Margaret Sanger traveled the world on her quest for birth control and she stayed at a number of interesting places. This series highlights some of them.
December 2-5, 1935. Margaret Sanger traveled to India in November 1935, embarking on a nine-week tour of the country that totaled over 10,000 miles of travel. One of the most important stops on her tour was her stay at Mohandas Gandhi’s ashram in Wardha. Today a city of about 1 million, Wardha had no hotels nearby in 1935. Instead, Gandhi insisted that Sanger stay with him: “Do, by all means come, whenever you can and you shall stay with me, if you would not mind what must appear to you to be our extreme simplicity.” [LCM 135:345] That simplicity, Gandhi’s secretary later told Sanger, would include “no master and no servant,” and “every one doing some or other kind of physical labour.” [LCM 135:406]
Sanger had no trouble with such modesty. She slept under the stars, and described the guest house in her diary as:
a four partitioned house rough hewn white plastered walls half way to the roof, the upper half open for air. Small bamboo poles run cross wise in the roof & larger poles crossing & supporting the roof– Its all spotless & clean–rough stone floors two matressless cots, (our own bedding will do) one pole in the center has a circular wood shelf which serves as a table for us both or chairs. Its all very simple but clean & peaceful the bath room a large stone floor room in the same building but not adjoining, one has to go outside & around to get to it two commodes & two large pails of water hauled by men on the place from a large circular well seen from my door & window. (Wardha Diary, LCM 1:209.)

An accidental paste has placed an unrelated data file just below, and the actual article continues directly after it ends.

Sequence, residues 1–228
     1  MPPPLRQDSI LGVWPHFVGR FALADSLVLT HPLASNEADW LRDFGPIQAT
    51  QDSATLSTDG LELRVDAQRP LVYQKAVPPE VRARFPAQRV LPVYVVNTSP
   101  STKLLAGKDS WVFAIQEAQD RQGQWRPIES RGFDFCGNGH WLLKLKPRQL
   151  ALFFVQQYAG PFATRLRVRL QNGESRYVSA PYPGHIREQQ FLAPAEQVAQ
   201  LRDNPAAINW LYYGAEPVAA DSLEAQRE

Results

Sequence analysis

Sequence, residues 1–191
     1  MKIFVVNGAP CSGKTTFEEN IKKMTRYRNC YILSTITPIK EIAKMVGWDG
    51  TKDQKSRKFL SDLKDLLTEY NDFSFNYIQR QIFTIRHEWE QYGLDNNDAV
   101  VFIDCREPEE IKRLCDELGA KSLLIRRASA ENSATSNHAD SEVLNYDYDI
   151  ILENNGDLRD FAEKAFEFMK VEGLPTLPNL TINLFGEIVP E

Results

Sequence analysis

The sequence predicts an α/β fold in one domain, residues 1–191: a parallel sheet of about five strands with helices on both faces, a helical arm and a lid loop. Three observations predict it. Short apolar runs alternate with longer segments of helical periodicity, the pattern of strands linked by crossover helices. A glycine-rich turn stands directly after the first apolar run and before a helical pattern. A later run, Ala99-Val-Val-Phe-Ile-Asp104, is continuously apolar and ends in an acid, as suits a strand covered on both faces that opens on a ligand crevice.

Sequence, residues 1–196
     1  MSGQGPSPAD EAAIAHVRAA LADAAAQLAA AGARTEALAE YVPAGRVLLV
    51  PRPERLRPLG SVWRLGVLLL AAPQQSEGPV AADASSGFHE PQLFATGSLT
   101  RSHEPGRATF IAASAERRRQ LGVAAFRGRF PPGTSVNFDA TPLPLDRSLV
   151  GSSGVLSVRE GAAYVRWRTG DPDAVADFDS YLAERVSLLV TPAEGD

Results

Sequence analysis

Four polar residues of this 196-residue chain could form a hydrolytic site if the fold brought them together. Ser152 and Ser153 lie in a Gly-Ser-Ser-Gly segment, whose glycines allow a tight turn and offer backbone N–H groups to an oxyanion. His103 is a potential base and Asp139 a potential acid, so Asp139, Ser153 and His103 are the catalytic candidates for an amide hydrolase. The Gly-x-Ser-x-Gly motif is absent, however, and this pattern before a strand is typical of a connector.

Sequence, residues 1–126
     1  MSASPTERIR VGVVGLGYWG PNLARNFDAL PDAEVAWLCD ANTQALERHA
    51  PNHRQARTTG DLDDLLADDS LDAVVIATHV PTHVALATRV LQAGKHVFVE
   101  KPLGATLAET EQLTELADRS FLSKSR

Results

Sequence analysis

She described meeting Gandhi in her diary.
We went directly to his place & met him, tho this is his day of silence. He rose to greet me smiling from ear to ear. I put down my bag & gloves & flowers & magazines in order to take both his hands. He has an inward light that shines in his face! that shines thru the flesh! that circles around his head & neck like a mist, with white Sails of a ship coming thru. It lasted only a few seconds but it is there. When I looked again it was only the shiney appearance of his flesh that I saw, but always the smile & a hospitable welcome. (Wardha Diary, LCM 1:209.)
On December 3, she and Gandhi discussed birth control, population, and the status of women in India. Although Gandhi ultimately refused to endorse the use of contraception to control population growth, Sanger was deeply grateful for his hospitality and time: “Needless to say,” she wrote, “these three days were not ever to be forgotten or parallel in human experience.” (“The Humanity of Family Planning,” Third International Conference on Planned Parenthood, Report on Proceedings (Nov 26, 1952), 12, 54-55. [MSM S72:0776].)
Click here for our map of Sanger’s travels.